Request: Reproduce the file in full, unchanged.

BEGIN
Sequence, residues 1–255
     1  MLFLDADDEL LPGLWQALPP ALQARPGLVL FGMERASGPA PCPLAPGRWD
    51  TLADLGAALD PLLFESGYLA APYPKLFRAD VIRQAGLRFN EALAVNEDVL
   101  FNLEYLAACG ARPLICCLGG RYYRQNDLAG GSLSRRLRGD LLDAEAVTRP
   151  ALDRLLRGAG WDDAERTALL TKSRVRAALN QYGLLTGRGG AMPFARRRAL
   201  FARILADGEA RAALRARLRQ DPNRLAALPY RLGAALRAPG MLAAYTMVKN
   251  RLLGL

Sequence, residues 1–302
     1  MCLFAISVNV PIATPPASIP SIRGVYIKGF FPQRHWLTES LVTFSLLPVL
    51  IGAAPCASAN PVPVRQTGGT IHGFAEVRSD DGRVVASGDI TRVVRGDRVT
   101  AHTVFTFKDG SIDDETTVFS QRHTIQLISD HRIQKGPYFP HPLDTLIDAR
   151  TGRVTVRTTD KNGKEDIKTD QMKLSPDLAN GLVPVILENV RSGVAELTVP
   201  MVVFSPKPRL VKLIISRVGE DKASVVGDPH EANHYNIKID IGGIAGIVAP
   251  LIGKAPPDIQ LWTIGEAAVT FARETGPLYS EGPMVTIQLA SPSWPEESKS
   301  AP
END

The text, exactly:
Sequence, residues 1–255
     1  MLFLDADDEL LPGLWQALPP ALQARPGLVL FGMERASGPA PCPLAPGRWD
    51  TLADLGAALD PLLFESGYLA APYPKLFRAD VIRQAGLRFN EALAVNEDVL
   101  FNLEYLAACG ARPLICCLGG RYYRQNDLAG GSLSRRLRGD LLDAEAVTRP
   151  ALDRLLRGAG WDDAERTALL TKSRVRAALN QYGLLTGRGG AMPFARRRAL
   201  FARILADGEA RAALRARLRQ DPNRLAALPY RLGAALRAPG MLAAYTMVKN
   251  RLLGL

Sequence, residues 1–302
     1  MCLFAISVNV PIATPPASIP SIRGVYIKGF FPQRHWLTES LVTFSLLPVL
    51  IGAAPCASAN PVPVRQTGGT IHGFAEVRSD DGRVVASGDI TRVVRGDRVT
   101  AHTVFTFKDG SIDDETTVFS QRHTIQLISD HRIQKGPYFP HPLDTLIDAR
   151  TGRVTVRTTD KNGKEDIKTD QMKLSPDLAN GLVPVILENV RSGVAELTVP
   201  MVVFSPKPRL VKLIISRVGE DKASVVGDPH EANHYNIKID IGGIAGIVAP
   251  LIGKAPPDIQ LWTIGEAAVT FARETGPLYS EGPMVTIQLA SPSWPEESKS
   301  AP